One of the most encouraging findings in the survey is that there is a significant minority of campuses (including institutions of all types and sizes and in all regions of the country) working on the leading edge to teach and demonstrate sustainability in practice. These campuses are recycling water, using life-cycle analysis in selecting materials, restoring wildlife habitat, capturing waste heat, geothermal, and solar energy, and providing incentives not to drive alone to campus. Many of them also involve students in environmental task forces, have environmental coordinators, evaluate and report on environmental performance, and require all students to take at least one course on the basic functions of the earth’s natural systems. These initiatives provide experiential learning opportunities for students, foster good public relations, reduce costs and consumption, and set an important precedent for other institutions to follow.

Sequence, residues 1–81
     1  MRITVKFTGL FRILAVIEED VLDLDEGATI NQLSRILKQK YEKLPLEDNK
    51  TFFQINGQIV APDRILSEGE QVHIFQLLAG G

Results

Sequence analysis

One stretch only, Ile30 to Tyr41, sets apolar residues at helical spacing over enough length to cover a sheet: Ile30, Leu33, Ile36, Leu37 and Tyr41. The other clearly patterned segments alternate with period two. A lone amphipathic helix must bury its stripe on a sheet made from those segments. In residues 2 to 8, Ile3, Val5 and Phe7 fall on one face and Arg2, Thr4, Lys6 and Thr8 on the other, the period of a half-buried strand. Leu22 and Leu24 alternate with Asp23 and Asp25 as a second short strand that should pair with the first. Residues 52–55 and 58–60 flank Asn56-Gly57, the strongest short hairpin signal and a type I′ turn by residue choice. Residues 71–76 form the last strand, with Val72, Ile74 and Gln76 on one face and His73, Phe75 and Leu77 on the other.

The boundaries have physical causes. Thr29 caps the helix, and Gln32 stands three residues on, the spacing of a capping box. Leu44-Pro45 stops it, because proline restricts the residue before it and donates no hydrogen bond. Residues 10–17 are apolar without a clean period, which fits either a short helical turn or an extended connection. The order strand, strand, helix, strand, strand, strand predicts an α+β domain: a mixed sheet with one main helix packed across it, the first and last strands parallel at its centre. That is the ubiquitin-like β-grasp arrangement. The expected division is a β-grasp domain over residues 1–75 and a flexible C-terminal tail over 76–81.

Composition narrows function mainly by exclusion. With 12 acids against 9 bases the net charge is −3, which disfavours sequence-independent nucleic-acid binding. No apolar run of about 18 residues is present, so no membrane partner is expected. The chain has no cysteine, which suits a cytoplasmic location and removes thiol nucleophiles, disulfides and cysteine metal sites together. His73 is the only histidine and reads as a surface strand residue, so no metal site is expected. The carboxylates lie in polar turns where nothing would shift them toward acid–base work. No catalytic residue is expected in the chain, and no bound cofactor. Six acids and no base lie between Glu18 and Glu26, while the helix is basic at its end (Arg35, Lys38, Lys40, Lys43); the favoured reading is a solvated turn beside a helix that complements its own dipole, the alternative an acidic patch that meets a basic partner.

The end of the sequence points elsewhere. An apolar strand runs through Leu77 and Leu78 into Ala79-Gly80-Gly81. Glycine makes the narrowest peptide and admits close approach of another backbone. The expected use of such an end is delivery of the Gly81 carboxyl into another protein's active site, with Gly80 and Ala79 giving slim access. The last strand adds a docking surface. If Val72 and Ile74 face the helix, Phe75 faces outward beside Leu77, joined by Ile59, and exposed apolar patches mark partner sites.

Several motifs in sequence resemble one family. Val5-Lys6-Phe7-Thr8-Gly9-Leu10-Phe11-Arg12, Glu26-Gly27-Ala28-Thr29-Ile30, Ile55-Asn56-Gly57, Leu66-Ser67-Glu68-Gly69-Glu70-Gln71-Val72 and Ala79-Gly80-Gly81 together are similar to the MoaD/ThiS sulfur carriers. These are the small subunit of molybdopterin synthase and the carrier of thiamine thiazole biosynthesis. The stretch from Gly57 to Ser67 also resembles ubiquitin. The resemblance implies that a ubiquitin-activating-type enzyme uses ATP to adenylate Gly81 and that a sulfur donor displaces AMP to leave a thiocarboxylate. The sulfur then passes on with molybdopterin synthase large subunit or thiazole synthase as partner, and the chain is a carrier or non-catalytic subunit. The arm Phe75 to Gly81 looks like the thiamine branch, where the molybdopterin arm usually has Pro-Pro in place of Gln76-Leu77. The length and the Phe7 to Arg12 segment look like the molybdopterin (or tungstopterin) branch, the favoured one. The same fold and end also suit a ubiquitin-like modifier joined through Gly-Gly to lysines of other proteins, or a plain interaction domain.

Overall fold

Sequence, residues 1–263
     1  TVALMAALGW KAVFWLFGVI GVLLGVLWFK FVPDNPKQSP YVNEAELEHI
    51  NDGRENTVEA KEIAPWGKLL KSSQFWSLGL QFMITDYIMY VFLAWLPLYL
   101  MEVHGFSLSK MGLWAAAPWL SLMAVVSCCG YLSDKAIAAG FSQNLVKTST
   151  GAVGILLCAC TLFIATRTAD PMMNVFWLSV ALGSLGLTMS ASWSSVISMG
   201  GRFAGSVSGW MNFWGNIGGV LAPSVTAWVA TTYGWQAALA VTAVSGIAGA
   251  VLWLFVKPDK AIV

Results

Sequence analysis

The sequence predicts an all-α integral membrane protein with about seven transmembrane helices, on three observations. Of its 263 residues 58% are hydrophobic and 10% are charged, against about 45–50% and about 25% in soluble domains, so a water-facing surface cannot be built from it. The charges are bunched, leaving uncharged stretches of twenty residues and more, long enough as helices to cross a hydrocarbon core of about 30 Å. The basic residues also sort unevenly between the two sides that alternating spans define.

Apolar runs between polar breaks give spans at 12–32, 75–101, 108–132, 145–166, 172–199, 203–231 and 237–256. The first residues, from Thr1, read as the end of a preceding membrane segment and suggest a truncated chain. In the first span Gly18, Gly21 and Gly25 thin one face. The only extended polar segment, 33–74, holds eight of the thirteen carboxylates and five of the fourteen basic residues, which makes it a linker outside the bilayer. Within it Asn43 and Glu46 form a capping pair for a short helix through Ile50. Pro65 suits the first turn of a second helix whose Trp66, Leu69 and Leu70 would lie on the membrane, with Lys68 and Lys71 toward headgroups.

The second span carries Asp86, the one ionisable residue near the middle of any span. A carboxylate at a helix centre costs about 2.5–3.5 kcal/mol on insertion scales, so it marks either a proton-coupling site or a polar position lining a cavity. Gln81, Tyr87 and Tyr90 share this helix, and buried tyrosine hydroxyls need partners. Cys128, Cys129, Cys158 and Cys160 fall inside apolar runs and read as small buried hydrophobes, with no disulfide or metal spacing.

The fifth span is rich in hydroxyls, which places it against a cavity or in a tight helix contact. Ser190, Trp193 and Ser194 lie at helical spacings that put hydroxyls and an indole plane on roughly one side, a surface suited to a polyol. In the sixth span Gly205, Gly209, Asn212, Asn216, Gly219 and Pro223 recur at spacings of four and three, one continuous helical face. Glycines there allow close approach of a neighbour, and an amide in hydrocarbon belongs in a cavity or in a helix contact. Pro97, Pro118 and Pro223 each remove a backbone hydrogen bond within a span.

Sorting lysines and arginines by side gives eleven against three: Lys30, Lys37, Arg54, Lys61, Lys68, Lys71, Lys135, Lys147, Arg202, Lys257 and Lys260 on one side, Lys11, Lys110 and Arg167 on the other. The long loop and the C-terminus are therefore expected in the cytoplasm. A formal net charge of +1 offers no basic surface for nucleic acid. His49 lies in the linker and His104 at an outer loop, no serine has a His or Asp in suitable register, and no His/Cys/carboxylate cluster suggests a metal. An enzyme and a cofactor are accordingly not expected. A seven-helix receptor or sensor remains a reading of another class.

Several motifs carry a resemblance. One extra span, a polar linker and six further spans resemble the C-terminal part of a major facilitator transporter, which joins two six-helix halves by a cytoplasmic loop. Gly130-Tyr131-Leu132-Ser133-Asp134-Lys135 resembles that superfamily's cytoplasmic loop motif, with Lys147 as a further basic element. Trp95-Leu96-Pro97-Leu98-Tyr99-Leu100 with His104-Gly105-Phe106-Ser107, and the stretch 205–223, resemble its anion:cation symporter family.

We would like to thank the following co-sponsors: American Society of Landscape Architects; APPA: The Association of Higher Education Facilities Officers; Center for a New American Dream; Center for Sustainable Systems; Higher Education Network for Sustainability and the Environment; Nathan Cummings Foundation; National Association of Educational Buyers; North American Alliance for Green Education; North American Association for Environmental Education; Rocky Mountain Institute; Second Nature; Society for College and University Planning; University Leaders for a Sustainable Future; and World Resources Institute.

As the first comprehensive survey and report of its kind, Campus Ecology is interested in hearing from readers and engaging in dialogue to strengthen the next survey. Visit http://nwf.org/campusecology/stateofthecampusenvironment.cfm to access the full report, fact sheet, press release, list of participating schools, Q&A and to submit questions, comments, ideas or case studies.

Mary McIntosh, PhD., is vice president of Princeton Survey Research Associates (PSRA) and director of its Washington, D.C., office; Julian Keniry is senior manager of NWF’s Campus Ecology Program; Kathy Cacciola is coordinator of NWF’s Campus Ecology Program; and Stephen Clermont is assistant project director in PSRA’s Washington, D.C., office.